The wet weather today did not cause an apple scab infection period. The average temperature during the wet weather was 49 degrees. At 49 degrees, 11 hours of leaf wetness are needed to cause an apple scab infection period. And since the rain started in the night time, we do not start counting hours of leaf wetness until the sun is up. So from 7am till noon is only 5 hours of leaf wetness. The way I see it, we have had only one apple scab infection period so far this year. That infection period was last Friday, April 27th into Saturday the 28th.
At this time, it is estimated that 15% of the ascospores from primary scab season have been discharged. We are moving into the most important time for apple scab control – pink through bloom. Primary apple scab season is over shortly after petal fall. The goal is to keep your trees scab-free through primary scab season. Remember, it takes about 2 weeks after an infection period for scab lesions to appear.
I’ve been looking for winter moth larvae the last two days. What I have decided is winter moth caterpillars are easy to find in Newport County, but not in Providence or Washington County. I do find them in Kent County, but only along the coast. Also, in Newport County, I do not see them in apple orchards. I find them primarily in maples on the edges of woods. I think that if the population of winter moths gets very large some year, winter moth will be more of a problem blowing in from outside the orchard. Right now I do not see them in sprayed trees. Perhaps later in May, if winter moth larvae are defoliating nearby trees, an orchard spray may be needed to keep the winter moth out of the orchard. For now, the winter moths do not appear to be in the orchards.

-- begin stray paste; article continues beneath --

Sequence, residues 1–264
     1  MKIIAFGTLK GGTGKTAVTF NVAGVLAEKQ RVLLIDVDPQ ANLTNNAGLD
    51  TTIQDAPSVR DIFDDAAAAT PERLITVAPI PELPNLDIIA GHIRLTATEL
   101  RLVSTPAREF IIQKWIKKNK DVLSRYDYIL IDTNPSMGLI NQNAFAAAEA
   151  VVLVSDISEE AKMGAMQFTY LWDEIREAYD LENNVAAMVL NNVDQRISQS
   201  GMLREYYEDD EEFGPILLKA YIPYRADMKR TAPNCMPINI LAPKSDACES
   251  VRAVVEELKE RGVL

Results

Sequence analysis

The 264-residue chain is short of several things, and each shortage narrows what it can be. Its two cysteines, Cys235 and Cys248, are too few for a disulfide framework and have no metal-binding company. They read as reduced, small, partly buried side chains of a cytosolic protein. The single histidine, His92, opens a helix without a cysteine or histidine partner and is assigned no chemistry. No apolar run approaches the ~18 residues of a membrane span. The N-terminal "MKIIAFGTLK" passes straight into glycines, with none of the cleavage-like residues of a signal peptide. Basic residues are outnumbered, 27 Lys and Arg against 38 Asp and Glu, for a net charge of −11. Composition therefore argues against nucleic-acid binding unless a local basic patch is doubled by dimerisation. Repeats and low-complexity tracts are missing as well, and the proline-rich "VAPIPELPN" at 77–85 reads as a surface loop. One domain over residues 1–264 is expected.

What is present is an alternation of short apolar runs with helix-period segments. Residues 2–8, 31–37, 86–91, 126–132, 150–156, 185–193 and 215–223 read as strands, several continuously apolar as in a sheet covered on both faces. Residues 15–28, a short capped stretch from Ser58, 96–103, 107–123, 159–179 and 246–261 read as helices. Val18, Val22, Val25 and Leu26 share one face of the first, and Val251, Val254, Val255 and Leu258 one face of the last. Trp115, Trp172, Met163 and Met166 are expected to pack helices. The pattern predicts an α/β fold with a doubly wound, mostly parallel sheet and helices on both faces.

There is still time to apply dormant oil against European red mite eggs. Reduce the rate to 1 gallon of oil/100 gal since the trees are beyond tight cluster. According to Orchard Radar, European red mite eggs should begin hatching May 7 in the Greenville area and May 8 in Newport County. Little Compton will be later than this. You can see Orchard Radar yourself from http://www.uri.edu/research/ipm Click on Greenville or Newport County, which ever is closer to your orchard.
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